Since 2012, more U.S. urologists have said they’d refer their most complex urology cases to Cleveland Clinic than to any other medical center. This reputation, or Expert Opinion score, accounts for nearly 30% of a urology program’s overall rating based on U.S. News & World Report’s “Best Hospitals” survey. But it’s a lot more valuable to Eric Klein, MD, Chair of Cleveland Clinic’s Glickman Urological & Kidney Institute.
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“I think about this rating by considering the difference between character and reputation. Character is who you really are, and reputation is who people think you are,” says Dr. Klein, paraphrasing a favorite quote from winning UCLA men’s basketball coach John Wooden. “Much of our character at Glickman Urological & Kidney Institute is our patients-first attitude, and not being satisfied with the status quo for any condition we treat. That’s what pushes us to do innovative research and lead new medical and surgical approaches to move the urology specialty forward. This part of our character is closely reflected by our reputation, and I find it gratifying that our peers around the U.S. see us as we really are.”
In this Q&A, Dr. Klein, who has led Glickman Urological & Kidney Institute since 2008, explains more about the metrics that really matter, what’s gone into building such a notable reputation, and how the institute is ensuring that Cleveland Clinic’s status as a top center for managing complex urological cases will continue.
Dr. Klein: We have a whole set of objectives and key results that organize our practice. They’re categorized into five groups:
We consider lots of specific metrics in each of these categories: avoidance of serious safety events; patient outcomes after surgeries and other interventions; achievements by our faculty, residents and fellows; not to mention all the business operations metrics, such as growth and reimbursement.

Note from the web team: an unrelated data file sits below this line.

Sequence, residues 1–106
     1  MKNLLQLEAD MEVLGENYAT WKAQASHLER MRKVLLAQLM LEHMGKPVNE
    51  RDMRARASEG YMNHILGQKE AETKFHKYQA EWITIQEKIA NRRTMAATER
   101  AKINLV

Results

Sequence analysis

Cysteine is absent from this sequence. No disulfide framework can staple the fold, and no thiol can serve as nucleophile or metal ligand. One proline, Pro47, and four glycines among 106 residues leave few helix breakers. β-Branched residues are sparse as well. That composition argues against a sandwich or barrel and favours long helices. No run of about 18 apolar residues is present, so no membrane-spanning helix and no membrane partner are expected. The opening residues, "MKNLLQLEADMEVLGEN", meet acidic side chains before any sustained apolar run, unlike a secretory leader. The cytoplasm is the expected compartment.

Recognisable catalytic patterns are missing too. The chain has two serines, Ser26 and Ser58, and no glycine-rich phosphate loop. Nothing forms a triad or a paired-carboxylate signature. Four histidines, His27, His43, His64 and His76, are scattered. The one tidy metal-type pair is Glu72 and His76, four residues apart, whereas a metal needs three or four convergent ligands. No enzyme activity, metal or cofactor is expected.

Dr. Klein: Leadership is mostly about communication and setting expectations. Vince Lombardi, legendary coach of the Green Bay Packers and another favorite leader of mine, observed that teams should strive for perfection in everything they do and recognize that they will rarely achieve it. But somewhere along the way, they’ll achieve excellence.
That’s been my philosophy too, and that’s the expectation I’ve set for our institute. Every job, whether patient-facing or not, needs to operate at a level of excellence at all times.
When I was appointed Chair of the institute 12 years ago, I established a monthly meeting with all of the institute’s critical leaders, including department chairs and administrators, nursing directors and supervisors. It’s called the QEAA (Quality, Efficiency, Affordability and Access) council. Each month, we discuss all of the metrics that we track and discuss our expectations for excellence. It’s also an opportunity for people to report on their progress and have a cross-fertilization of ideas.
At that meeting, I get to hear what’s going on with appointment scheduling, nursing, finance, clinical care — all the functions that mesh together in our institute. I get to reinforce the importance of every function, and together we hold each other accountable for excellence in every position.
It’s a very positive feedback mechanism that helps us organize what we do and stay focused on the things that are important.
Dr. Klein: Good leadership is informed by good values. As a leader, I’ve always said that it’s not about me, it’s really about everyone else getting the opportunity to do their job well.
I think my leadership style is hands-off. First I get the right people on the team, with the right values, skill sets and diversity. Then I set high-level expectations and give the team members the resources they need to do their jobs well. Finally I get out of the way, but monitor what my colleagues are doing, so if they get off track I’m there to redirect them.
Dr. Klein: Providing great patient service is where it starts — providing high-quality care and keeping patients safe. Then it requires communicating well with referring physicians and doing cutting-edge things that move the field forward, staying a little ahead of the curve with innovations like single-port robotic prostatectomy and kidney transplant; ambulatory urodynamic devices; and the new IsoPSA™ test for patients facing a decision on prostate biopsy. Our faculty and scientists are studying the effect of the microbiome on cancer, stone disease and infertility. We have the world’s largest experience with partial nephrectomy for kidney cancer.
Because of our culture at Cleveland Clinic, we enjoy these and other results of a multidisciplinary approach to complex medical problems.
Dr. Klein: We hire people with intellectual curiosity and an inherent drive to move the field forward. Our faculty and scientists collaborate effectively to devise new ways of understanding and treating a large variety of urologic diseases, and then translate the results into the clinic. In the end, the goal is to improve the lives of patients by reducing the burdens of diagnosis and treatment.